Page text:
3 Great Blog Post Structures You Can Use Today

This is a guest post by Ali Luke. She is a writer and blogger from the UK, and author of Publishing E-Books for Dummies. In partnership with Joe Williams of SEO Training, she runs day-long training courses on blogging and social media in London. You can read their blog and follow them on Twitter.

When I started out in blogging, I didn’t know how to put a blog post together. I started by simply typing out my thoughts. But it quickly became clear that, if I wanted readers, I needed a better plan.

Detail of an Engineering Blueprint - Photo courtesy of ©iStockphoto.com/AK2, Image #7206299

Photo courtesy of ©iStockphoto.com/AK2

However great a writer you are, your posts will only get read if they’re well structured. That doesn’t just mean having a gripping introduction (though that’s an important part of it). It also means getting the main body of your post right.

If you’ve not already read Michael’s post Anatomy of an Effective Blog Post, or if you need a refresher, read that before continuing. He has great tips about key components of your post, like the introduction and post image. In this post, I’ll be focusing on the main body of your post.

These are the three simple post structures you can use:

  1. The How-to Post. A how-to post aims to teach the reader something, by taking them through a step-by-step process. It’s usually structured with numbered, sequential steps. And, where appropriate, these steps might include a screenshot or photo to show the reader what to expect at each stage.

    If you’re writing a how-to post, the easiest way to begin is with a careful plan. Work out the necessary steps. You may find you need to break complicated procedures into several parts, or merge simple ones together. Get them into the best possible order.

    Once you’ve done that, your post will be straightforward to write—and straightforward for readers to follow.

    Variations:

    • “How I ____ and How You Can Too”: Readers love to hear how you succeeded with something. This formula lets you explain your own steps and offer action points for them.
    • “Why ___ Matters and How To Do It”: If you suspect your readers need to know the why before the how, spend the first third or half of your post explaining the why, then move on to practical steps.
  2. The List Post. A list post offers readers a selection of ideas, tips, suggestions, or resources. These are normally numbered. If you’ve been around the blogging world for long, you’ll have come across this type of post—probably many times.

    The key difference between a list post and a how-to post is that readers don’t need to follow the list from start to end: they can dip in and use those points that seem most applicable to their own situation.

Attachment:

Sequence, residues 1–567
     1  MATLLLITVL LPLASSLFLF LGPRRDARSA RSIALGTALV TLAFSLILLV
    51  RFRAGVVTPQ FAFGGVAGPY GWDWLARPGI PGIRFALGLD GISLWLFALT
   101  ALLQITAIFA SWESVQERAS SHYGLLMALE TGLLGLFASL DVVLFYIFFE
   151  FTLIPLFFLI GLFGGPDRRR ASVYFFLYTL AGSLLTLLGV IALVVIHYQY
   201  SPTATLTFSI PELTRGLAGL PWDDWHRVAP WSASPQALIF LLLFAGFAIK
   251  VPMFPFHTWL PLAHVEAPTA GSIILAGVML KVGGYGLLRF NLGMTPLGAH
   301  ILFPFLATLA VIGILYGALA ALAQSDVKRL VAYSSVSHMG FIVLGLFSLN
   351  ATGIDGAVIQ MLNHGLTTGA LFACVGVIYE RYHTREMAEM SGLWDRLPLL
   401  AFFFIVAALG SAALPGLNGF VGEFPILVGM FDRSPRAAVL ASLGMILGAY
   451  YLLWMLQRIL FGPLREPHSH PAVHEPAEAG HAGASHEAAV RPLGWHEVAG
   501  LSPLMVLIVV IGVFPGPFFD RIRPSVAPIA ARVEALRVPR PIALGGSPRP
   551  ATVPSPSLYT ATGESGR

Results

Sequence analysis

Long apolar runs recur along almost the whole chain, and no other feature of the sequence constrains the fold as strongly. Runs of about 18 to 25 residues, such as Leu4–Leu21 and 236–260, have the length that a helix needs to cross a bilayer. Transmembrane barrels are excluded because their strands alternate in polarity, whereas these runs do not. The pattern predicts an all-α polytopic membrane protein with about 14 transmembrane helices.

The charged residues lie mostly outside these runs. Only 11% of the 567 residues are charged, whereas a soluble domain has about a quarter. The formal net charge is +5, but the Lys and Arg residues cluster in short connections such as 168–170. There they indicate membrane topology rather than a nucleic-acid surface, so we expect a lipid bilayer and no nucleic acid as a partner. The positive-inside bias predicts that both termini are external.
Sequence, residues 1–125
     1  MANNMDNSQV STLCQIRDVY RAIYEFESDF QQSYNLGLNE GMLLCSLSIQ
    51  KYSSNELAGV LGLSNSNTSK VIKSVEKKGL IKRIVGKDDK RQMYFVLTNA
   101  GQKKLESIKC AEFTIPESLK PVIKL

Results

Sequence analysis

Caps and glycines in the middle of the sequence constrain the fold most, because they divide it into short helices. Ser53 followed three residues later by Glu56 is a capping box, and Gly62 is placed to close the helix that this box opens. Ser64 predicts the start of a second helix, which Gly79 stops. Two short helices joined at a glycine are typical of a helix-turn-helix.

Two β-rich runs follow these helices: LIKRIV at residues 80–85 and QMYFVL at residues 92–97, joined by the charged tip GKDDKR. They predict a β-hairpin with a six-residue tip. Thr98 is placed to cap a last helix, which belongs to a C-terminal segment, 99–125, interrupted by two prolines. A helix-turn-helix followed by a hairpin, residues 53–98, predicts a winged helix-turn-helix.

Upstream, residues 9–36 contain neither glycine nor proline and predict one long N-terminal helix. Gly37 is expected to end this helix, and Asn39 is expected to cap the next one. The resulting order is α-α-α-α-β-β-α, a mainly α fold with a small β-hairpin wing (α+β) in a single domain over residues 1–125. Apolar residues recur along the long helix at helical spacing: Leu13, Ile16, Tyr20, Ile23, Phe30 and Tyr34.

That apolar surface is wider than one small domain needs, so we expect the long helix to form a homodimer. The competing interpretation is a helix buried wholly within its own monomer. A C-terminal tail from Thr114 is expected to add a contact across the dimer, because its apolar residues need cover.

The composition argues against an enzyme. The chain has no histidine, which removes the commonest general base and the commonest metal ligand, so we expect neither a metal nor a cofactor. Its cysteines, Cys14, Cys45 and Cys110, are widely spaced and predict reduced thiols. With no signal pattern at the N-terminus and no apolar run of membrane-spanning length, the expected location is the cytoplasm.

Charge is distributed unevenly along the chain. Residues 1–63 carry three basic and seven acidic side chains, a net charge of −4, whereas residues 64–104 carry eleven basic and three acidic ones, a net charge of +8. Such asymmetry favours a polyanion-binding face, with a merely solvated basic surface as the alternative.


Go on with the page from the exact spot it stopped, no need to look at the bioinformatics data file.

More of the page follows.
As with a how-to post, pre-planning is essential. Aim to come up with a couple more items than you need, and cut the weakest. Think about the order of your items, too: easiest to hardest works well, or you could alternate “do” and “don’t” tips.

    Variations:

    • “The A–Z of ___”: You may well have seen this format used in magazines. An A–Z list post usually aims to produce a comprehensive overview of a particular topic, in bite-size chunks.
    • “Roundup: ___”: This form of post gathers together resources (generally blog posts) on a particular topic, meaning each list item includes a link. You could also use this to list, say, the top 20 tweeters in your niche.
  3. The Review Post. Review posts offer an informed opinion about a particular product or service. These are a great way to serve your readers, who might be debating whether or not to purchase a particular item. They also help establish your own knowledge and expertise in your field.

    It’s up to you what exactly you include in your reviews, but one simple structure you can use is this:

    • Overview—what’s included, how much it costs, and so on
    • The good—mention the two or three aspects that were most enjoyable or useful to you
    • The bad—write about what didn’t work so well – this adds credibility, especially if you’re an affiliate for the product / service
    • Verdict—should your readers buy the product / service?

    Variations:

    • “Product X vs Product Y”: Often, readers will be struggling to choose between two similar products or companies. A comparative review helps them make up their mind.
    • “Top Ten Books On ___”: Similar to a roundup list post, but with added opinion, a “top ten” of books or other products in your niche offers readers bite-size reviews—and a resource to return to.

Of course, these aren’t the only structures you can use. But they do give you a great basis to build on. And they help ensure that your reader gets real value from your writing.

If you’ve had success with one of the above post structures, or if you’ve got a favorite structure of your own, let us know in the comments.

Question: How have you used these blog structures—or others—successfully? You can leave a comment by clicking here.

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